Ashima Goyal, a member of the RBI’s Monetary Policy Committee (MPC), said on Wednesday that the Reserve Bank’s efforts to keep prices from going up by repeatedly raising interest rates will help keep inflation in check, which is likely to drop below 6% next year.
Goyal also said that the policy rate hikes have mostly undone the cuts made during the pandemic, but the real rate is still low enough not to hurt the growth recovery. “With a lag of two or three quarters, higher real rates will reduce demand in the economy.”
“International commodity prices are softening with the global slowdown and supply chain bottlenecks have been reduced,” he told PTI in a telephone interview.
To control rising inflation, the RBI on September 30 raised the short-term lending rate for the third consecutive time by 50 bps to bring the repo rate to 5.9 percent. Since May, it has cumulatively increased the reference interest rate by 190 basis points. “The Indian government is also taking steps to reduce supply-side inflation. Current projections show inflation falling below 6 percent next year,” Goyal said.
The central bank is required to keep inflation at 4%, with a 2% margin on either side. According to Goyal, a slightly positive real interest rate can act to reduce inflation, with a supportive action on the supply side, while imposing a minimum growth sacrifice.
He pointed out that today the prospective real interest rate is positive and such a rapid response in an inflation targeting regime to inflation that exceeds the tolerance bands helps to anchor inflation expectations.
India’s consumer price index (CPI)-based inflation rose to a five-month high of 7.41% in September. This is the ninth month in a row that inflation has been well above the upper tolerance level of the RBI’s inflation-targeting framework.
In response to a question about the Indian rupee hitting an all-time low, Goyal said that a weaker rupee makes imports more expensive and hurts people who borrowed money abroad, but it may help some exporters make more money.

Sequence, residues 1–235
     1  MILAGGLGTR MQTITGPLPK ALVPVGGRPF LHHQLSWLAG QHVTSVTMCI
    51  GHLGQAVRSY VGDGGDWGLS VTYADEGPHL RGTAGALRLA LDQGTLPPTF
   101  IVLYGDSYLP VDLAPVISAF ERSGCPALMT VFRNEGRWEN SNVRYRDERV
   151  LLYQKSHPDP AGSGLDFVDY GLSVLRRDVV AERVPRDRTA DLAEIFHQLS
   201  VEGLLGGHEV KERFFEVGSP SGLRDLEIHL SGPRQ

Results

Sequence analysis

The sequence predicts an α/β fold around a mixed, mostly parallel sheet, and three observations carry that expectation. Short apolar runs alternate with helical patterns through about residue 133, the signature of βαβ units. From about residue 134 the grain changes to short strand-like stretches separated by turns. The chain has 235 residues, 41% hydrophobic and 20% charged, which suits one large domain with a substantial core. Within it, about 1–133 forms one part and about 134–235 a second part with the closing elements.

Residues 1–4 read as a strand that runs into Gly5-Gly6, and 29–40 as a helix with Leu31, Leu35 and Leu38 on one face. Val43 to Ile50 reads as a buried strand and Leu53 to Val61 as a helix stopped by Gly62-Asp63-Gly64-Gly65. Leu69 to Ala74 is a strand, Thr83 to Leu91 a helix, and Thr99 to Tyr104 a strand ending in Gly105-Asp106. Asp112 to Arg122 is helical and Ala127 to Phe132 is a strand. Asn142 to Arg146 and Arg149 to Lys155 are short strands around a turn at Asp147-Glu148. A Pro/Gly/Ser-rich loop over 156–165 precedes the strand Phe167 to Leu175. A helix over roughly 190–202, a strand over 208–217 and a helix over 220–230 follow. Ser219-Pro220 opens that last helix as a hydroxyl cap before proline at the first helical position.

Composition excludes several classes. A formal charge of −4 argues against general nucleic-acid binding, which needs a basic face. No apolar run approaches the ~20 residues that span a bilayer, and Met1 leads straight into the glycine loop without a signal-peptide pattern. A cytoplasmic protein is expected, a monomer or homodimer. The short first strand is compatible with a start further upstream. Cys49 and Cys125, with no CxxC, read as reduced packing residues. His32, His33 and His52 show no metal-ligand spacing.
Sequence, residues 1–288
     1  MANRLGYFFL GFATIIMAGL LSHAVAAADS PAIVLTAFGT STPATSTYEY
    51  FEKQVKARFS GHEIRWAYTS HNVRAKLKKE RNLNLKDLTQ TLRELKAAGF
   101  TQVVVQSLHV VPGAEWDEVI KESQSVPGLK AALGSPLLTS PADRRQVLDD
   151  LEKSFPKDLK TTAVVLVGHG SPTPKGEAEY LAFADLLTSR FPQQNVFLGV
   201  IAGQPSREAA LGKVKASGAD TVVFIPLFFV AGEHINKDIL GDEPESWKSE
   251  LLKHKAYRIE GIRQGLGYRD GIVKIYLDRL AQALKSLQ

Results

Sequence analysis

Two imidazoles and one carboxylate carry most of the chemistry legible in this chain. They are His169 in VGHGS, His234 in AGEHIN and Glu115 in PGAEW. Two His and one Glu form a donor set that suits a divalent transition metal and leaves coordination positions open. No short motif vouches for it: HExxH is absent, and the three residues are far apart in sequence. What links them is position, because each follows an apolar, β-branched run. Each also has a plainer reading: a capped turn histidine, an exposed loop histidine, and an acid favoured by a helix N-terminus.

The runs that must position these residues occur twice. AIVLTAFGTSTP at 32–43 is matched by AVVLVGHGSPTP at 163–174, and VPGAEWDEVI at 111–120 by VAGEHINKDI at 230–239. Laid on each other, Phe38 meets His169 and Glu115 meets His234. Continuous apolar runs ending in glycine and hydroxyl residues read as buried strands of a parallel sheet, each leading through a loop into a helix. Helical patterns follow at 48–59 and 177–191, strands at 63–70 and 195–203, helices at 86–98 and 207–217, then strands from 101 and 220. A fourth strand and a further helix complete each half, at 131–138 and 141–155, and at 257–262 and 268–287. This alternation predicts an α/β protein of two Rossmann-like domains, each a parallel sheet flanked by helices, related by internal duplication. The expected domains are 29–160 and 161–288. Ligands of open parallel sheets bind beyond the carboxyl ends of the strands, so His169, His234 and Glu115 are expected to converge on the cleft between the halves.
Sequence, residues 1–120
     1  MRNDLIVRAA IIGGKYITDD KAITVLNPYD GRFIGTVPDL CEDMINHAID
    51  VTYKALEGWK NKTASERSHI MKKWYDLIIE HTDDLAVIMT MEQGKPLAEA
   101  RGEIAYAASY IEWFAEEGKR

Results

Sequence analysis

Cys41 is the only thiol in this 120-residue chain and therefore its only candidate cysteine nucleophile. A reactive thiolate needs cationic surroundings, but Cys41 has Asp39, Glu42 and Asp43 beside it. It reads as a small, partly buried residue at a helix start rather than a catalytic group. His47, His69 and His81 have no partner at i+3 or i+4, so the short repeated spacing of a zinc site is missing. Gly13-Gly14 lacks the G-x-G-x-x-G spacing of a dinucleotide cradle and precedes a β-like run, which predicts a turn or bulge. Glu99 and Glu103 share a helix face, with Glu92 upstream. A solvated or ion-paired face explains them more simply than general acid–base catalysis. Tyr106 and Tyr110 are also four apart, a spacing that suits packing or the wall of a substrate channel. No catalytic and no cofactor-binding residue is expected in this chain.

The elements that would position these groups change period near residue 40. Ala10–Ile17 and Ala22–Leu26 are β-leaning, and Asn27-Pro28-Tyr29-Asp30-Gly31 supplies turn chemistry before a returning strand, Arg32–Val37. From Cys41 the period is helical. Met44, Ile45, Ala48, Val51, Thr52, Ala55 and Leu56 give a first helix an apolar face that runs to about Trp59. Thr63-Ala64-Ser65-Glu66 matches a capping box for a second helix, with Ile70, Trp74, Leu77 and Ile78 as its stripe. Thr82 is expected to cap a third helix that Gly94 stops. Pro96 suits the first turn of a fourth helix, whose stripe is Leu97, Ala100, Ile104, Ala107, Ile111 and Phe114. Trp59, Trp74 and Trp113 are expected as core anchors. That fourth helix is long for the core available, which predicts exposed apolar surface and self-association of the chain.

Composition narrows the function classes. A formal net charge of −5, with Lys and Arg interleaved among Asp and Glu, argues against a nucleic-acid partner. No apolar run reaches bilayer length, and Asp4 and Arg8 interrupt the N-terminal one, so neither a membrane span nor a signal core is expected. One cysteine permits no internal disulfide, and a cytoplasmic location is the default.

Even though fewer imports and more exports can help bring down the current account deficit, he said that the dollar is getting stronger against all other currencies because the Fed’s rate hike is bringing money back into the US.
But INR depreciation is less than most other advanced and emerging markets, and capital inflows have recently returned, “he said, adding that since INR is market-determined, this means markets are taking into account India’s better prospects and lower inflation.”
He said that valuation effects in India are the main reason why foreign exchange reserves have gone down.
Finance Minister Nirmala Sitharaman recently said that the dollar has gotten stronger, not the rupee, in order to explain why the rupee’s value against the dollar has dropped by 8% this year.
The rupee fell below the 83 level against the US dollar on Wednesday for the first time due to the outflow of foreign funds. When asked about global recession fears, Goyal stated that a global slowdown will have a negative impact on a connected India.
“But India has a large domestic market. Its size, diversity, political space, and strength of the financial sector will continue to give it good positive growth,” he said. Goyal pointed out that companies have reduced their debt over the last decade and that the financial sector is well-capitalized. “All of this reduces the risk of contagion for India,” he said.
IMF chief Kristalina Georgieva recently said that the global economy is moving from a world of relative predictability to one of greater uncertainty.
On October 6, the World Bank projected a 6.5% growth rate for the Indian economy for 2022–23, a drop of one percentage point from its June 2022 projections, citing the deteriorating international environment, while the IMF projected a growth rate of 6.8% in 2022 compared to 8.7% in 2021 for India.